TSA covert test leaves police in the dark, but there's a bright side


I traveled overseas last week on a much needed vacation to Grand Cayman. Whenever I travel, I can't help but take note of the security measures in place, which apparently makes me a suspicious passenger. While I dislike the inconvenience of undergoing secondary screening, I must say, I'm always sort of excited to experience these enhanced measures, first hand.

On this particular trip, it wasn't until I tried returning to the U.S. that I ran into any security issues. While in the Grand Cayman Airport (in all its five-gate glory), I was pulled aside and told that I had been selected for secondary screening. They took me into a windowless room in the back and a security officer rifled through my checked luggage. Other than a bottle of Grand Cayman's fine Tortuga Rum, there was nothing but clothes in my luggage. Then, as I was about to board my plane, I was pulled aside AGAIN and another officer looked through my carry-on. Earlier, I had joked with my friend, who had to undergo explosive-detection screening on her way to Grand Cayman, that I always get selected for secondary screening and saw her laughing at me as she waited on the tarmac making sure the plane didn't take off without us (although, frankly, it wouldn't be the worst place to get stranded, that's for sure).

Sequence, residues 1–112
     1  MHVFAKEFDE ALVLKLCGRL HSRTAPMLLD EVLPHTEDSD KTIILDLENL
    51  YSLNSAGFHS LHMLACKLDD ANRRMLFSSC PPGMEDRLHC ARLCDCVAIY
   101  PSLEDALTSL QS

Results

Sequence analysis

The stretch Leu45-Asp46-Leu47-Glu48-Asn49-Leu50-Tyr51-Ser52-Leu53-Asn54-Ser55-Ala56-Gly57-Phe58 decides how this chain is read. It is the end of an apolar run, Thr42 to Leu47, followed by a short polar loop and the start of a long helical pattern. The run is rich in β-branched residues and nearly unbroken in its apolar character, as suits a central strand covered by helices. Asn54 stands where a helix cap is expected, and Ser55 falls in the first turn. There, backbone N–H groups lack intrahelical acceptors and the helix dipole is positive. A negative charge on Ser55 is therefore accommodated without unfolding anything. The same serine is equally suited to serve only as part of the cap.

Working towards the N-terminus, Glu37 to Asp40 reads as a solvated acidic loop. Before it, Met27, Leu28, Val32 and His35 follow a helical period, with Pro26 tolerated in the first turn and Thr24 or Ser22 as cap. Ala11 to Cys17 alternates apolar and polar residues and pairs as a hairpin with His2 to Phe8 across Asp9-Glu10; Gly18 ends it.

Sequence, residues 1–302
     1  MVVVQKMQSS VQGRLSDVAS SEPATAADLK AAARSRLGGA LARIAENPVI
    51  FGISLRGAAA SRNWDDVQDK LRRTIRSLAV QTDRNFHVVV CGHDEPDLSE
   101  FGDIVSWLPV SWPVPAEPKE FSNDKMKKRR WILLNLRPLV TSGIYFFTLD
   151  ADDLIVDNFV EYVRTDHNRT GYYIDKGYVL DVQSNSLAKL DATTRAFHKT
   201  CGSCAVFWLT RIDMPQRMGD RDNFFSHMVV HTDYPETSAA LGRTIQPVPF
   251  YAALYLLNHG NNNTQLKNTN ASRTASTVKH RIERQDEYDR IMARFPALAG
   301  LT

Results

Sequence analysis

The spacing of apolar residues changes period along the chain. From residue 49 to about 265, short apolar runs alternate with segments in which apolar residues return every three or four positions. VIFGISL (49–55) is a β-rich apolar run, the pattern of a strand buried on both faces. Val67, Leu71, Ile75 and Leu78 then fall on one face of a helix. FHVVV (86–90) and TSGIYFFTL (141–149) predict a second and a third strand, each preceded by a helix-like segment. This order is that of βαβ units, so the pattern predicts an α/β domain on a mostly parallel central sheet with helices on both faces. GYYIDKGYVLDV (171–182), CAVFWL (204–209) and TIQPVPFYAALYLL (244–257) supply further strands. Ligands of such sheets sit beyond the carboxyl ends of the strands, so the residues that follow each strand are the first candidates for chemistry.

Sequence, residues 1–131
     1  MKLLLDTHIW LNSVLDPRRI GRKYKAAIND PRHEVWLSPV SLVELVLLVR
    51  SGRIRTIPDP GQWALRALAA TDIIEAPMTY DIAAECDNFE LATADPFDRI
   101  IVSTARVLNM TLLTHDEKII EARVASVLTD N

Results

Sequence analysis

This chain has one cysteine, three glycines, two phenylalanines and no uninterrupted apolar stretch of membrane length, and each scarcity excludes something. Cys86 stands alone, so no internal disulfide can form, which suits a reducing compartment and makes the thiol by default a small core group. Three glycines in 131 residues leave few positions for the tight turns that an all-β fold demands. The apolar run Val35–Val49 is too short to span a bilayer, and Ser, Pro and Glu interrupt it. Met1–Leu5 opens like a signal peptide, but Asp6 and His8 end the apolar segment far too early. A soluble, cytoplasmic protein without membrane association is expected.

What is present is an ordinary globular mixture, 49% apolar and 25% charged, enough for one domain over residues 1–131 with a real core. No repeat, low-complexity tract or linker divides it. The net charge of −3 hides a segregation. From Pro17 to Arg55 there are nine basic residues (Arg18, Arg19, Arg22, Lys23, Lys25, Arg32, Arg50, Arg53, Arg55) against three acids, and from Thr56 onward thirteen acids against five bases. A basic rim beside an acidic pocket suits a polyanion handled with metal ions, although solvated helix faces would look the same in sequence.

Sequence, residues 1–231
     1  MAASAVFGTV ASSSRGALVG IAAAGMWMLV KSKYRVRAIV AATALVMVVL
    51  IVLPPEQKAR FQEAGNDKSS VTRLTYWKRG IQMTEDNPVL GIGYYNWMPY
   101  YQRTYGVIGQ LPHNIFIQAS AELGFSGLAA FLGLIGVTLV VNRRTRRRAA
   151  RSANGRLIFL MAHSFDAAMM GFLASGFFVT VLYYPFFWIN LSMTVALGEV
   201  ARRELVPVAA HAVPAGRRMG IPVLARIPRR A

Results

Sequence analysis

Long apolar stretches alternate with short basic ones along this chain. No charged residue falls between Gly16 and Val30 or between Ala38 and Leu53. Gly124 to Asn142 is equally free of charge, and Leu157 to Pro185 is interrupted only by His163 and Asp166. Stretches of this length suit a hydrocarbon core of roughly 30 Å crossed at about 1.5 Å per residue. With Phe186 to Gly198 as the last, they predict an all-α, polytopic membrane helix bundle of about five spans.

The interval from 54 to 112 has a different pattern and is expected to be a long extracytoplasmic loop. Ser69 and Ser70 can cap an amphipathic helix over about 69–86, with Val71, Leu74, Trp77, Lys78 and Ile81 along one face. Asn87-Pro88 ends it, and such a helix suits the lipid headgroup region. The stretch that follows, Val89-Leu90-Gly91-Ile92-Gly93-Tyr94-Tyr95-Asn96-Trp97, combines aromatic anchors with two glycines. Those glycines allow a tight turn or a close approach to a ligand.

But, I can't fault security, of course, they're only doing their job. And, apparently they are constantly being tested, too. I read this story with interest about a covert security test recently conducted at the Minneapolis-St. Paul International Airport.

On May 12, federal authorities sent a man of Middle Eastern or south Asian descent through security screening with a "device" hidden in a shaving kit. When the cylinder attached by wires to a watch was discovered by screeners, the police immediately handcuffed the man and started evacuating the area. However, before the airport was evacuated, TSA personnel intervened and informed the police that it was only part of a test.

TSA spokeswoman Carrie Harmon said the agency routinely conducts thousands of covert tests each year at airports across the country. The one at the Minneapolis-St. Paul airport ended up being a little too real because of "miscommunication" between the TSA and police, she said.

Yes, obviously communication here failed, but isn't it good to know that all these security measures that air travelers are being subjected to (some more than others) are actually working? Right?